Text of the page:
It’s exciting to see Shyamalan on such confident footing once more, all these years later.
The opening shots of Stephen Frears' "The Queen" simply show Helen Mirren's face as her character prepares for it to be seen. She is Queen Elizabeth II, and we know that at once. The resemblance is not merely physical, but embodies the very nature of the Elizabeth we have grown up with -- a private woman who takes her public role with great gravity.
Elizabeth is preparing to meet Tony Blair (Michael Sheen), the new Labor prime minister who has just been elected in a landslide. We see Blair preparing for the same meeting. His election was a fundamental upheaval of British political life after Thatcherism, and at that time, Britain stood on a threshold of uncertain but possibly tumultuous change.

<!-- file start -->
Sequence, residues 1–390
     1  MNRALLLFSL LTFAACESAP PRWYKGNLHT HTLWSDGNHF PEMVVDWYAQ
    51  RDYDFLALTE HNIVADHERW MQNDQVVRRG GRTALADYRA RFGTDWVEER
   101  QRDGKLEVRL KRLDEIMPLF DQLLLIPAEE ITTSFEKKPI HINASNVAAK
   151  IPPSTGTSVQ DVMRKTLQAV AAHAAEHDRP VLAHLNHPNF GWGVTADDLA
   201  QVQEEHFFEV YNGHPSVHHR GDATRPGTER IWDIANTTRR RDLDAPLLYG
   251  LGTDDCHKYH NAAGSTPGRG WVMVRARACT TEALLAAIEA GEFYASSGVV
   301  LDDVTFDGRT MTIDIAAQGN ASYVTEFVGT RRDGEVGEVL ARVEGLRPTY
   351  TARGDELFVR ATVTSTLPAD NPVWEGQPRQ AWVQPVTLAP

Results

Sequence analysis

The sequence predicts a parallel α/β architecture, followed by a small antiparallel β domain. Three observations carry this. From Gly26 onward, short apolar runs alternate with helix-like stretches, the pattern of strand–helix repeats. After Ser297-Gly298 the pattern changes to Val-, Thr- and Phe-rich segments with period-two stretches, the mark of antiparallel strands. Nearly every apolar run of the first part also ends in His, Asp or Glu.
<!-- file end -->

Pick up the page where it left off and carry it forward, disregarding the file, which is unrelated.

Within months, the queen and Blair find themselves in a crisis that involves not politics but a personal tragedy that was completely unforeseen -- the death of Diana, princess of Wales, in a Paris car crash. "The Queen" tells the story of how her death with her boyfriend, the playboy department store heir Dodi Fayed, would threaten to shake the very monarchy itself.
Told in quiet scenes of proper behavior and guarded speech, "The Queen" is a spellbinding story of opposed passions -- of Elizabeth's icy resolve to keep the royal family separate and aloof from the death of the divorced Diana, who was legally no longer a royal, and of Blair's correct reading of the public mood, which demanded some sort of public expression of sympathy from the crown for "The People's Princess."